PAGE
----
Elephind.com contains 16,627 items from Player
, samples of which are listed below. All items
from this newspaper title are freely available and can be searched from the search box above. You may also search the entire
collection of 2,771 newspaper titles in Elephind.com
SHANK'S NEW IDEA [Newspaper Article] — Player — 29 December 1911
SHANKS NEW IDEA INDIANAPOLIS , Ind ., Dec . 25 . —Mayor Shank , of this city , who has acquired some little notoriety by selling apples , mince pies and Christmas trees at cost , on the streets of the city , has a new idea in view . His Advisory Board have prepared a new ordinance which will prevent children under 14 years of age from attending moving picture shows , unless accompanied by their parents and that no children under that age shall be allowed to take part in the shows . The ordinance also prohibits the erection of any theater or moving picture house within 250 feet of school buildings .
CARUSO INJURED [Newspaper Article] — Player — 29 December 1911
CARUSO INJURED At the conclusion of the performance of La Tosca last week , the great Caruso , who had been singing the leading role , fell against some scenery and inflicted painful injuries to his nose . He bled profusely and was unable to respond to encores . The injuries were not serious and will not interfere with the golden notes which he emits for the benefit of opera lovers in New York .
EDNA PICKS PLAY [Newspaper Article] — Player — 29 December 1911
EDNA PICKS PLAY Edna Goodrich , who was . formerly one of the Mrs . Nat Goodwins , has picked the play in which she will resume her theatrical work . •On Jan . 29 she will appear in Chicago with His Neighbor s Wife , with Charles Cherry in the leading male role . The play has not been a success , but it is expected that Edna will help to boom the production .
TO INSPECT PLAYS [Newspaper Article] — Player — 29 December 1911
TO INSPECT PLAYS HARRISBURG , Pa ., Dec . 23 . —lhe Civic League have appointed a committee who will scrutinize all plays booked for presentation in this city and notify the public of their nature . As yet it has not been determined whether they shall watch the plays before they come to this city or while playing here .
THE LITTLE THEATER [Newspaper Article] — Player — 29 December 1911
THE LITTLE THEATER Winthrop Ames announces that the Little theater on Forty-fourth street , New York , will be ready to open the first week in March . It will seat less than 500 people . The first play to be produced will be entitled The Pigeon , written by John Galsworthy .
RACK TO THE BILL CAR [Newspaper Article] — Player — 29 December 1911
RACK TO THE BILL CAR The allurement of the white-tops is too strong for anyone to resist , so we daily hear of people going back into the circus business after they have retired for good and all . The latest announcement in this line is a startling one . Willard D . Coxey , who made a big hit when he had charge of the press department of the William A . Brady enterprises , and who lately has been identified with Werba &amp; Luescher , has gone back to his first love and next summer will have charge of the press department of the 101 Ranch Wild West . Edward Arlington , the manager of this aggregation , is particularly elated over securing the services of Mr . Coxey as he is considered the most active and prolific of circus press agents , a man who knows how to write big stories and better yet how to plant them . Mr . Coxey was the general press representative for the Barnum &amp;¦ Bailey circus during the time James A .-Bailey owned the show and made thousands of fri...
Maeterlinck Now "Press-Agennng " [Newspaper Article] — Player — 29 December 1911
Maeterlinck Now Press-Agennng A press-agentry device which bids fair to rival or even outdo the ugliest-woman-in-the-world episode of some time ago seems to be aborning in the case of no less a personage than Maurice Maeterlinck , the playwright . Maeterlinck is coming to America to witness the production by the Boston Opera company of his Pelleas et Melisande . In spite of the fact that he is said to detest newspaper publicity and interviews , he let it be known while in Paris , not long ago , that he felt himself equal to the task of getting into America and out again without his being recognized by the representatives of the notoriously aggressive American press . Now , presumably because Maeterlinck either does not or does want to be discovered by the reporters , each incoming vessel is being carefully watched by reporters . Headlines like this one which appeared in the New York Times a few days ago , Maeterlinck Not on Board , are quite common . It will be a great yarn for some...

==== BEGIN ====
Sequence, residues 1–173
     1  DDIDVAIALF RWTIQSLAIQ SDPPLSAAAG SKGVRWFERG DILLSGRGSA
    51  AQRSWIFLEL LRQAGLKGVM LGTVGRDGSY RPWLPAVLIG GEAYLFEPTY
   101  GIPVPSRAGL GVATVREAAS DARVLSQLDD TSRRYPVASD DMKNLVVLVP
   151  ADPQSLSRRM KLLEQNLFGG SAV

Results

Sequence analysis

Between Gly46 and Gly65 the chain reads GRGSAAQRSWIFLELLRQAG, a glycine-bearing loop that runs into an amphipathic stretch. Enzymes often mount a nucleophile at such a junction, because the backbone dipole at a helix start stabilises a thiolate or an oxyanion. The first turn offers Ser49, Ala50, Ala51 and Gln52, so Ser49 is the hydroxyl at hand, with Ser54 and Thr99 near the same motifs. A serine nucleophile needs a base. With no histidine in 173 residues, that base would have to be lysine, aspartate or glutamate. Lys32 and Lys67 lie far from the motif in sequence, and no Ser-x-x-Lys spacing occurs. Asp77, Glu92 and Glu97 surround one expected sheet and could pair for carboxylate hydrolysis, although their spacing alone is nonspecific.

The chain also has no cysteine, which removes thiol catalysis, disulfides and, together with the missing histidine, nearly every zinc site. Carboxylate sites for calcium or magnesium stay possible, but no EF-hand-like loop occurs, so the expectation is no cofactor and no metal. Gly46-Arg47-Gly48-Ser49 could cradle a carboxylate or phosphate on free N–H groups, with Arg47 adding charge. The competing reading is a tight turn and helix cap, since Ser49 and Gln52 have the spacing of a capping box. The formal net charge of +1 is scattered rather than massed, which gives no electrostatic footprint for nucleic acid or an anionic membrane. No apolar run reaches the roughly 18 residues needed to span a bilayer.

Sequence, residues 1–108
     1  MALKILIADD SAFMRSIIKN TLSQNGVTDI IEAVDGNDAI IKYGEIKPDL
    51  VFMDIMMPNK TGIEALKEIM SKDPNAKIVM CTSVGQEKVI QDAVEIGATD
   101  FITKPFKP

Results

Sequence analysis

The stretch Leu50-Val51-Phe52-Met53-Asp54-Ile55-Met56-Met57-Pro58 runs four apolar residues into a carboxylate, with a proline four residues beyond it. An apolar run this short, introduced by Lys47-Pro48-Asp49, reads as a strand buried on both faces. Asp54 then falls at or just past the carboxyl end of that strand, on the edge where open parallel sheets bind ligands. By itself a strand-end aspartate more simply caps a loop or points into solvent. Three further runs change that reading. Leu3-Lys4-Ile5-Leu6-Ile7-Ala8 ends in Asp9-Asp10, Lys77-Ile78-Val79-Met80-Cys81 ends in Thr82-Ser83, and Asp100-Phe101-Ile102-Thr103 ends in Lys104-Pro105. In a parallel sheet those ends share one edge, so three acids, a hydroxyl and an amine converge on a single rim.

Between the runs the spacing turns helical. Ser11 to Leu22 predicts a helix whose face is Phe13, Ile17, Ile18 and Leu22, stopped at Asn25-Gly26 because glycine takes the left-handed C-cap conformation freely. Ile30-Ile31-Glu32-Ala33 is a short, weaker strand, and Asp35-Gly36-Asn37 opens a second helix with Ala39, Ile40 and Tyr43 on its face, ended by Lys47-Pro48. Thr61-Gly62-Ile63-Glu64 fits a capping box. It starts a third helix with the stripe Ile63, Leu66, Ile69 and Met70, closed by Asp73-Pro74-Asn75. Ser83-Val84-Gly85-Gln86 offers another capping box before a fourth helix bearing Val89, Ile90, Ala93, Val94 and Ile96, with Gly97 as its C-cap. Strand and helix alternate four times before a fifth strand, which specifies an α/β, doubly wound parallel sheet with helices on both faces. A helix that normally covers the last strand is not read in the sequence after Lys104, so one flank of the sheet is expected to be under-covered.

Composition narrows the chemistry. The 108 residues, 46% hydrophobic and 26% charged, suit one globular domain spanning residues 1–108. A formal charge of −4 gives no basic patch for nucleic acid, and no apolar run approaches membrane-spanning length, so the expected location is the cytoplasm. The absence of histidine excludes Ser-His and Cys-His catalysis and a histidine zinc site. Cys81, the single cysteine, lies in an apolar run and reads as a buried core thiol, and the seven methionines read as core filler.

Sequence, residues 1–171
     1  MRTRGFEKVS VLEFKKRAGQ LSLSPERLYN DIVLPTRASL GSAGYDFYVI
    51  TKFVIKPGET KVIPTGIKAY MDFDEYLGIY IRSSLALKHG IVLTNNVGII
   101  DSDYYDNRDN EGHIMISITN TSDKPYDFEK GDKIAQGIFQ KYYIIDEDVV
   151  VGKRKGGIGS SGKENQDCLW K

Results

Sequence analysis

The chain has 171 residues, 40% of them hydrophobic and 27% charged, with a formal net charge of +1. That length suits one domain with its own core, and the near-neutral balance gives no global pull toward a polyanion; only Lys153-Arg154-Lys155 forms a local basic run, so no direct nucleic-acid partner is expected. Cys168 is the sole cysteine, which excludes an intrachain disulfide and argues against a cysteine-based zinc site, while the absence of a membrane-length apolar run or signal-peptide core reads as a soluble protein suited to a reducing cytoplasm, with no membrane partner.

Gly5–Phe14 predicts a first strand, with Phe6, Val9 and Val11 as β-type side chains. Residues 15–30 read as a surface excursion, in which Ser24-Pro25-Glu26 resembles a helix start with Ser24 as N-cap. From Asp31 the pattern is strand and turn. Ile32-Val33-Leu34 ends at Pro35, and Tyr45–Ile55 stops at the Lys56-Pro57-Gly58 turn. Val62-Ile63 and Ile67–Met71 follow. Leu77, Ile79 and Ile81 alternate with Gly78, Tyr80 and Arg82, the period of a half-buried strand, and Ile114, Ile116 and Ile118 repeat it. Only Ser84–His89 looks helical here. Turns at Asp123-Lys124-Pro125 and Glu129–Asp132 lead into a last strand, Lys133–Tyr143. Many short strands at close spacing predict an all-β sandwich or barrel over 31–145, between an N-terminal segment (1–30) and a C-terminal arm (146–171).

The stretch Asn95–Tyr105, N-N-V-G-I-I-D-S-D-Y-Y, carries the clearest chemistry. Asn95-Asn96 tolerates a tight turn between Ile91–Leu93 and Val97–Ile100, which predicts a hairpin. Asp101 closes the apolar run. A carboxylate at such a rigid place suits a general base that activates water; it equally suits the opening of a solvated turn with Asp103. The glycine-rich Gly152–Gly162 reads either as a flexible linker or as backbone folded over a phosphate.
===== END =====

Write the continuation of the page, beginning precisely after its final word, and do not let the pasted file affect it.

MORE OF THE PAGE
ORPHEUM HOUSE TO CLOSE [Newspaper Article] — Player — 29 December 1911
ORPHEUM HOUSE TO CLOSE EVANSVILLE , Ind ., Dec . 25 . —The New Grand theater , playing Orpheum vaudeville , will close on Jan . 1 . Manager Child states that the patronage has been slim and that the venture has proven a heavy loser . The Orpheum Circuit will retain the lease of the house but will not play vaudeville in Evansville until times brighten .
MANAGER TESTS LAW [Newspaper Article] — Player — 29 December 1911
MANAGER TESTS LAW MUNCIE , Ind ., Dec . 19 . —Every moving picture theater in this city except one , closed last Sunday . The manager of one house , Forrest Simmonds , agreed to keep open so that he could be arrested , in order to test the validity of the law prohibiting the running of picture shows on Sunday . A warrant was served on him today and he was held under bail to appear in court . A fund has been raised for his defense and the law will be tested . The managers state that if they are compelled to close that they will take steps to stop all kinds of business on Sunday .
MARRIED ON STAGE [Newspaper Article] — Player — 29 December 1911
MARRIED ON STAGE Burdette Hunter and Mabel Marshau , of the Tiger Lilies Co ., were married on the stage of the Garden theater , Buffalo , N . Y ., Dec . 14 . The ceremony was performed by the Rev . Dobson , -of Kenmore . After the night performance a wedding banquet was given to the happy pair by the members of the company . They received many gifts .
AN ANNUAL SHOW [Newspaper Article] — Player — 29 December 1911
AN ANNUAL SHOW At the Central theater , Chemnitz , Germany , an annual celebration is given on Dec . 7 , that being the date on which the theater originally opened . Part of the program each year is to produce an afterpiece in which all artists on the bill are supposed to take part . This year the Viola Brothers were the only American act on the bill and it was feared that the parts assigned to them would be a failure , on account of their slight knowledge of the language . Much to the surprise of everybody they were one of the big hits of the bill and the next day the newspapers published their names in large type stating that they were real humorists . Director Blum of the theater gave a banquet after the show , at which all of the company were present . The house closes the week before Christmas every year for repairs and the afterpiece was such a success that it was again produced on the last three nights of the season .
TELLING HER REAL NAME [Newspaper Article] — Player — 29 December 1911